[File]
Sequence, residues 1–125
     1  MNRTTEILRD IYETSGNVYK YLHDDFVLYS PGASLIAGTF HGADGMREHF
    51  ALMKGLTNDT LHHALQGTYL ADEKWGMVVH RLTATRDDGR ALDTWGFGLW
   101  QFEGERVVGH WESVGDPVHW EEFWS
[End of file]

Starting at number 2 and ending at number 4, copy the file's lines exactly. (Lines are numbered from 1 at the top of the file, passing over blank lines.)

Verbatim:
     1  MNRTTEILRD IYETSGNVYK YLHDDFVLYS PGASLIAGTF HGADGMREHF
    51  ALMKGLTNDT LHHALQGTYL ADEKWGMVVH RLTATRDDGR ALDTWGFGLW
   101  QFEGERVVGH WESVGDPVHW EEFWS